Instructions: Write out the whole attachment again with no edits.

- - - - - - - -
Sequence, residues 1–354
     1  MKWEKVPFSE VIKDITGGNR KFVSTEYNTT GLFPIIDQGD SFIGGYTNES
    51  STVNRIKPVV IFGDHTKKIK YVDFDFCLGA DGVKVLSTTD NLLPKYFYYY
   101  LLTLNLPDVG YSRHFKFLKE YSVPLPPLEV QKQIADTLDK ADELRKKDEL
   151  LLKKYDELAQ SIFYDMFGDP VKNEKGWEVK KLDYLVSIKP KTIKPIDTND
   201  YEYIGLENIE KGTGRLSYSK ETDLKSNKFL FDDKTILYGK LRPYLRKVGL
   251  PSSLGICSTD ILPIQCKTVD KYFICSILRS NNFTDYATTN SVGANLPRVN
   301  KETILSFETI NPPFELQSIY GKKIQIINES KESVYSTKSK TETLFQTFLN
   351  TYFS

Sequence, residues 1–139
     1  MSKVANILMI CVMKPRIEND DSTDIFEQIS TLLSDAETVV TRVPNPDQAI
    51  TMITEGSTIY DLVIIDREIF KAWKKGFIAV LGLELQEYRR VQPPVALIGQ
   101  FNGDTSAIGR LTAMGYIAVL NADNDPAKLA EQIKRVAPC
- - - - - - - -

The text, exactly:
Sequence, residues 1–354
     1  MKWEKVPFSE VIKDITGGNR KFVSTEYNTT GLFPIIDQGD SFIGGYTNES
    51  STVNRIKPVV IFGDHTKKIK YVDFDFCLGA DGVKVLSTTD NLLPKYFYYY
   101  LLTLNLPDVG YSRHFKFLKE YSVPLPPLEV QKQIADTLDK ADELRKKDEL
   151  LLKKYDELAQ SIFYDMFGDP VKNEKGWEVK KLDYLVSIKP KTIKPIDTND
   201  YEYIGLENIE KGTGRLSYSK ETDLKSNKFL FDDKTILYGK LRPYLRKVGL
   251  PSSLGICSTD ILPIQCKTVD KYFICSILRS NNFTDYATTN SVGANLPRVN
   301  KETILSFETI NPPFELQSIY GKKIQIINES KESVYSTKSK TETLFQTFLN
   351  TYFS

Sequence, residues 1–139
     1  MSKVANILMI CVMKPRIEND DSTDIFEQIS TLLSDAETVV TRVPNPDQAI
    51  TMITEGSTIY DLVIIDREIF KAWKKGFIAV LGLELQEYRR VQPPVALIGQ
   101  FNGDTSAIGR LTAMGYIAVL NADNDPAKLA EQIKRVAPC